That February, the mother was also diagnosed with terminal breast cancer. She and LaJoie legally married and traveled to Mexico for medical treatment. She left her daughters with Lajoie’s “son, a nanny, and family friends.” While they were in Mexico, the grandparents amended their visitation petition to seek temporary sole legal decision-making and sole parenting time. The grandparents also filed an ex-parte motion for emergency temporary custody. The eldest son’s affidavit put his mother’s mental stability into question. He stated his sister told him Ogden had “inappropriately touched her” and that she and her sister wanted to live with their grandparents.
The trial court granted the grandparent’s ex-parte emergency petition for sole custody. At the hearing later, the mother denied any sexual abuse and denied being part of a religious cult.
A long-time close friend of the mother testified for the grandparents, stating the mother had changed since her initial cancer diagnosis in 2013 and was “no longer of sound mind.” Mother’s oldest son testified as to how well he and his siblings were doing living with the grandparents and that none of them wanted to live with their mother. That he could never speak to his mother outside LaJoie’s presence. All the children said they were “unhappy and anxious” living with their mother and did not want to return so long as LaJoie was there.
After considering best interest factors under ARS § 25-403(A), the trial court affirmed its ex-parte temporary orders. Grandparent custody was in the children’s best interests. Mother was granted supervised parenting so long as LaJoie and Odgen had no contact with the children. Mother’s petition for review was granted.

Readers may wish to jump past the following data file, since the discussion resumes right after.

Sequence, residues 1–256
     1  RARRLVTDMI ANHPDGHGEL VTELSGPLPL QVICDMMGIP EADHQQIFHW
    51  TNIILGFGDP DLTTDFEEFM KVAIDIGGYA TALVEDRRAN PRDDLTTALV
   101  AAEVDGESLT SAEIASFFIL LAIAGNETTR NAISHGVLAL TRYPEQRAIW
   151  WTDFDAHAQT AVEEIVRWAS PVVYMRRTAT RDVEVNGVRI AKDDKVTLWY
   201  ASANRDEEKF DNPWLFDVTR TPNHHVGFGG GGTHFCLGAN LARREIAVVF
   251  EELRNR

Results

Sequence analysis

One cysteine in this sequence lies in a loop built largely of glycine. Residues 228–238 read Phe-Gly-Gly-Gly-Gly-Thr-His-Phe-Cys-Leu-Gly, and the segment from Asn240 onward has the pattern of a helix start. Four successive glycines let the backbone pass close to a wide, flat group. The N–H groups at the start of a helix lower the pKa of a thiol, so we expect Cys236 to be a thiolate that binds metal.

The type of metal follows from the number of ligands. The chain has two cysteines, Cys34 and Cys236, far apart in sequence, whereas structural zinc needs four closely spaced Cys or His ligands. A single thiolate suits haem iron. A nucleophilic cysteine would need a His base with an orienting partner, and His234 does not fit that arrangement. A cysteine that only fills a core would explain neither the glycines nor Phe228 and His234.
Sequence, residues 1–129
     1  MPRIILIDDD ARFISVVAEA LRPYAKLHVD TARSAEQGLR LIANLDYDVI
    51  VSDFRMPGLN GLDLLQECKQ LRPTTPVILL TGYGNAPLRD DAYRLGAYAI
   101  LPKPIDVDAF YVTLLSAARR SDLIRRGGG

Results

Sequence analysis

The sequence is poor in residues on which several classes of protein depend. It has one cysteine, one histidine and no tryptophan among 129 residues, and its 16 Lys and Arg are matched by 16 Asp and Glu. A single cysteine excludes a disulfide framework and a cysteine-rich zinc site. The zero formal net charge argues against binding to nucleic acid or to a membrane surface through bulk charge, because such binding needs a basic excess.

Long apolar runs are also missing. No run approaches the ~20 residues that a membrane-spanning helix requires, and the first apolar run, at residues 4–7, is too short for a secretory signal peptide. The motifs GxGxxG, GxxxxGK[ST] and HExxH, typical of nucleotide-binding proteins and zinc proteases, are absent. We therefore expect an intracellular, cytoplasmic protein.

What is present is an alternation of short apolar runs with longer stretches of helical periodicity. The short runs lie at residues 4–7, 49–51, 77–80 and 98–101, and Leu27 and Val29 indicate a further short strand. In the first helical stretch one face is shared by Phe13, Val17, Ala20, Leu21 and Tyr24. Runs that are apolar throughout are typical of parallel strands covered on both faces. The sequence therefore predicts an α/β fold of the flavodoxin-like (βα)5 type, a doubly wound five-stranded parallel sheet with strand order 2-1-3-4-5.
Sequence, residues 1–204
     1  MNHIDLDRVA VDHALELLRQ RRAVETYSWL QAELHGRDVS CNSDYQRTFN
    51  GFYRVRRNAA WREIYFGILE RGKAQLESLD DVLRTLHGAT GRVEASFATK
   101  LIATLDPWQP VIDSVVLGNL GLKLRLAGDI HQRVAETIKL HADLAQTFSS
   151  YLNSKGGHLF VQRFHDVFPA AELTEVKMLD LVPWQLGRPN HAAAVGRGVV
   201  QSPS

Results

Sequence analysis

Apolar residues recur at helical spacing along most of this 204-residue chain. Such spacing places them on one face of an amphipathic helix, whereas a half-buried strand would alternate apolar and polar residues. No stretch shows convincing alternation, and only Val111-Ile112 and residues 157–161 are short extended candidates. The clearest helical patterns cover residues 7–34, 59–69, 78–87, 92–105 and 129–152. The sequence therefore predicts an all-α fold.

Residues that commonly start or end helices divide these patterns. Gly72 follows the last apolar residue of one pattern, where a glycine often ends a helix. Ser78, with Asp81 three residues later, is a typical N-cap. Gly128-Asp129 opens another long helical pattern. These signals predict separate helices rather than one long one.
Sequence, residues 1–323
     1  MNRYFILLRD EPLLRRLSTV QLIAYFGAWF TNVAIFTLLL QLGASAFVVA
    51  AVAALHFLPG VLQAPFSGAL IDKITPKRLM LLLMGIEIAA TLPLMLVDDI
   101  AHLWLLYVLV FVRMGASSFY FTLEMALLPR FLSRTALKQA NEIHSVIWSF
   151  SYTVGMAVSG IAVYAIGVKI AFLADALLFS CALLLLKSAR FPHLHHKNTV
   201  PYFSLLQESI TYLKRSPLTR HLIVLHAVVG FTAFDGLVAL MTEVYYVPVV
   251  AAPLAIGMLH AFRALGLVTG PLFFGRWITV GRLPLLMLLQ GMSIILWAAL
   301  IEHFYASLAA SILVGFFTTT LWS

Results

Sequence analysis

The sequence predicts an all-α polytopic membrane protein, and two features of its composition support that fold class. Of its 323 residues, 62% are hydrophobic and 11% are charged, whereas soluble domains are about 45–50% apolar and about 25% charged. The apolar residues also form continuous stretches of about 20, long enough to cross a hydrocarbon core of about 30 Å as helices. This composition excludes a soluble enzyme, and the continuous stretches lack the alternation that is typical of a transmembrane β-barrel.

Mother Appeals Third-Party Custody Orders
The first issue on appeal was whether the trial court had subject matter jurisdiction to enter temporary custody orders to grandparents. The mother argued the trial court failed to make specific fact findings that the grandparents stood in loco parentis to the children. That there were no specific findings how her care would be detrimental to the children under ARS § 25-409(A). And that the trial court applied the wrong standard (“best interests” instead of “significantly detrimental”).
The Court of Appeals denied the mother’s request for relief and outlined the process for awarding third party temporary custody under Arizona law.
First, the Superior Court of Maricopa County had jurisdiction as the child’s county of residence. ARS § 25-402(B). Second, grandparents’ amended petition with affidavit sufficiently established their standing in loco parentis to the children. That is, the children treated them as parents and the grandparents “formed a meaningful parental relationship” with the children for a “substantial period.” ARS § 25-401(1).